Wal-Mart Stores Inc. reported lower profits but higher revenues during Tuesday’s call for the financial quarter report.
Profit in its first quarter fell by 7 percent as Wal-Mart is heading for a reorganizing of the business with investments in e-commernce, raising employee’s wages and accusing currency fluctuation.
Same-store profits were reportedly low. In analysts’ understanding this was caused by the lack in spending power consumers still accuse. Despite employment gains on the U.S. market, precaution is still a keyword. Therefore, for consumers who are saving on food and oil prices, the savings are crucial for an uncertain future.
In 2013 the Federal Reserve Board surveyed groups on their income. All those participating in the survey presented a lower mean income than in 2007. Mean wealth followed the same declining pattern.
Charles Holley, chief Financial Officer at Walmart stated concerning this matter:
“The numbers that you’re seeing in retail overall [show] the customer is still a little bit cautious, maybe optimistically cautious”.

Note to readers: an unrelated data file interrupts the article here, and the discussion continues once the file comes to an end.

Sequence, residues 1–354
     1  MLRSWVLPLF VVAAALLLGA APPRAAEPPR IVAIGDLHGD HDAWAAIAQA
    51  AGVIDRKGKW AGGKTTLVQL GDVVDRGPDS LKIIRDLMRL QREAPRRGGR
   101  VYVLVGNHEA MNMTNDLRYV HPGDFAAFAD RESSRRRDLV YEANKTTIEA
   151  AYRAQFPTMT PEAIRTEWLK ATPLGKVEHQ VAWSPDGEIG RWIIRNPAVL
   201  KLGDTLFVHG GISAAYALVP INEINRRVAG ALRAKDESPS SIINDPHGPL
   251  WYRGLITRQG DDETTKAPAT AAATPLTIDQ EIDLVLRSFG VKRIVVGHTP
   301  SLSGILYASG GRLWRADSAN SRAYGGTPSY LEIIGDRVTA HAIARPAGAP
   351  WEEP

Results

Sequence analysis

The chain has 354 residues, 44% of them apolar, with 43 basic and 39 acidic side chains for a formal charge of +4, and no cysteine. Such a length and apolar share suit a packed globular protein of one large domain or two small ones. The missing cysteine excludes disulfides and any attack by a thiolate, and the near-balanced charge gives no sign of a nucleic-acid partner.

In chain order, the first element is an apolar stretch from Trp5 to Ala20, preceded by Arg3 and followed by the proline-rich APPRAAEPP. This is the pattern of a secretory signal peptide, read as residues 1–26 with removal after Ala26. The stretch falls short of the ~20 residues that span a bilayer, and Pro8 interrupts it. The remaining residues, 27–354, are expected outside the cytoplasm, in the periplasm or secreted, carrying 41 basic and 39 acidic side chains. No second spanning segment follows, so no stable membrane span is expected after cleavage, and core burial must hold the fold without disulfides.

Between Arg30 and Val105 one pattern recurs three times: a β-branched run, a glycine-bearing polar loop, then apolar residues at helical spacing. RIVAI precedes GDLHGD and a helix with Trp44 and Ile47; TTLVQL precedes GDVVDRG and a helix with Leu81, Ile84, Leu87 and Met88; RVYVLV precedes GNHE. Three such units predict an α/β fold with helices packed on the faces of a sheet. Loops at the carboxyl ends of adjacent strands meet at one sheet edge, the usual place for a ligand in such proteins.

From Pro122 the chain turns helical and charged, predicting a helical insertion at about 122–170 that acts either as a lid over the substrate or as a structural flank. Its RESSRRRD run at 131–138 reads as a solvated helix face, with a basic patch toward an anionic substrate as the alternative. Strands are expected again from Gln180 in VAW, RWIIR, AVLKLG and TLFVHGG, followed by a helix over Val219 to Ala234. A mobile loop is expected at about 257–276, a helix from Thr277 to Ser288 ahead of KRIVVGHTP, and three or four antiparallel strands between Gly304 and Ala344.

At the same time Mr. Holley commented on the wage increase planned by Wal-Mart Stores Inc., saying it positively impacted their employees and helped raise customer satisfaction as well. On the long run this will undoubtely prove beneficial for the company if it results in sales lifting.
As same-stores are still lagging behind, Wal-Mart is investing in smaller format stores, friendlier and probably more accesible to customers. Fresh products and a larger variety of groceris will be included on the shelves.
At the same time it plans to launch in e-commerce. Last week it announced the soon-to-come delivery service for a 50 dollar subscription.
As an overview, Wal-Mart’s same stores reported a 1.1 percent tick in the first quarter. Wall Street had previously placed them at 1.5 percent. Analysts estimates set the total revenue to 116.3 billion dollars. The report came with a 0.1 percent decrease, to 114.8 billion dollars.
Profit also fell from 3.59 billion dollars last year to 3.34 billion dollars. In shares, Wal-Mart fell from 1.11 per share in the previous year to 1.03 percent.
Overall, in pre-market trading, the Wal-Mart shares fell by 2.5 percent to 78 dollars.
In the U.S., the world’s biggest retailer’s sales remained at a slight gain for all three months of the fiscal year.
International sales suffered a blow however as the dollar held strong and caused sales to diminish.
Online sales increased by 17 percent, presenting a slower rate compared to the previous two years, yet a much faster pace than U.S. and international sales combined.
Image Source: The Nation
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